21 October 2013
For anyone who can't see clearly the stage or screen, audio description brings a whole new meaning to the experience of live theatre, television or cinema. Audio description captures the visual elements of a play or film that a blind or vision impaired person might otherwise miss, and describes them in clear and vivid language.
In the case of theatre and opera, trained audio describers tell us about the action live through an earpiece attached to a pocket-sized radio that is given to each blind patron.
I was born blind into a family that enjoyed going to films and plays. My mother, in particular, would do her best to plug gaps in my understanding of what was happening without disturbing those around us.
When I left home, other activities took up my spare time. I attended the theatre less and less, and I can't recall the last time I went to a film.
I was really pleased when Television New Zealand began audio describing some of its programmes. And I was especially delighted when THE EDGE initiated its SIGNAL programme in 2011 for blind people here in Auckland.
THE EDGE trained six audio describers, provided disability awareness training to the ushers, hired the audio description equipment, and we were away!
It's hard to get across just how enjoyable the experience of a play is when it’s audio described. Mum used to read the programme aloud to me. Now, THE EDGE emails out the programme in advance so I can read it with my screen reader. Then before the show, a touch tour and audio describer add the visual detail not in the print programme.
Slotted in between the dialogue
And finally, the show begins! The commentary is slotted in between dialogue and any sung words. Describers take care not to talk over sound effects that the director wants us to hear. And at the end, we are told who is coming on stage for the curtain calls so we can clap our favourites – just like everyone else does.
I’ve seen a number of show, thanks to the SIGNAL programme, and I’ve bought my tickets to the audio described performance of the big musical WICKED, on at The Civic on 19 November.
Until recently opera had never captured my interest or imagination. Listening to the audio descriptions of New Zealand Opera’s The Bartered Bride and Madame Butterfly, I now fully appreciate why it hadn’t captured my interest. Opera is truly a visual performance with words and music, the sum of which is greater than its parts. Because of audio description, I have enjoyed my first real opera experiences.
An unexpected bonus at THE EDGE
And finally, there's been an unexpected bonus for us, in Auckland at least. If we want to go to shows that are not audio described, we can ring THE EDGE ahead of time and let them know we are coming. An usher meets us at the door, guides us to our seats, checks on us at half time and guides us out at the end of the concert so we can catch the bus or taxi home.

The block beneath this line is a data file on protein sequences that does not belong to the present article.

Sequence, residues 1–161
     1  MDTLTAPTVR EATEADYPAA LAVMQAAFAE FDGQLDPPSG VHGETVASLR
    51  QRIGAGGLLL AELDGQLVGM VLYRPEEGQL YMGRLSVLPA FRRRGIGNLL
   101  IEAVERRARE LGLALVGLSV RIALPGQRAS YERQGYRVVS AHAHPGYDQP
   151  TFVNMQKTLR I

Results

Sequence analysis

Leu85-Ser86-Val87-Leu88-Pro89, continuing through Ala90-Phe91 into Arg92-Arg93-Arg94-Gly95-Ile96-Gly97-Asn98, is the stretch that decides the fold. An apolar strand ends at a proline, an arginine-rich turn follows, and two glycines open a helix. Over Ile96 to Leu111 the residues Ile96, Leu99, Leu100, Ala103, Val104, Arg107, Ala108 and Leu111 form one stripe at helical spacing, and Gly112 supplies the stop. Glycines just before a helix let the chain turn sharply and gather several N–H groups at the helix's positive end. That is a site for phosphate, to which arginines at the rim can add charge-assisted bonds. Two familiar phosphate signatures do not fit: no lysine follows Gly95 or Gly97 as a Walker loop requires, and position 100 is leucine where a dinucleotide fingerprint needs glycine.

Before 2010, there had been one audio described play in New Zealand. This was in 2007 at Fortune Theatre in Dunedin. Starting with The Pohutukawa Tree at Toi Whakaari New Zealand Drama School in October 2010, there have been an amazing 27 audio described performances of theatre, musical theatre and opera since then.
What's caused this huge development? In December 2009, Arts Access Aotearoa launched its publication Arts for All at Te Papa and held a seminar that included a workshop with me about audio description.
And then Anne Bain (Wellington branch of the Association of Blind Citizens NZ), who had attended the workshop, approached Toi Whakaari about audio description. One of its students, Sarah Adams, took up the challenge, and the blindness community in Wellington got the chance to experience an audio described performance of The Pohutukawa Tree.
From there, a whole Arts For All programme has been developed and this has undoubtedly had a significant impact.
In Auckland, two people at THE EDGE who had worked with disabled audiences in the UK, initiated the SIGNAL programme. This has led to regular sign interpreted performances for the Deaf as well as audio description.
And Fortune Theatre has built on that initial success and is now providing regular audio described performances.
It's a real pleasure for me to be back in the theatre and concert community – all thanks to audio description.
Mary A. Schnackenberg co-founded Accessible Information and Communications Ltd in 2008, a company providing accessibility solutions for people with disabilities. For more information visit AI Comms’ website.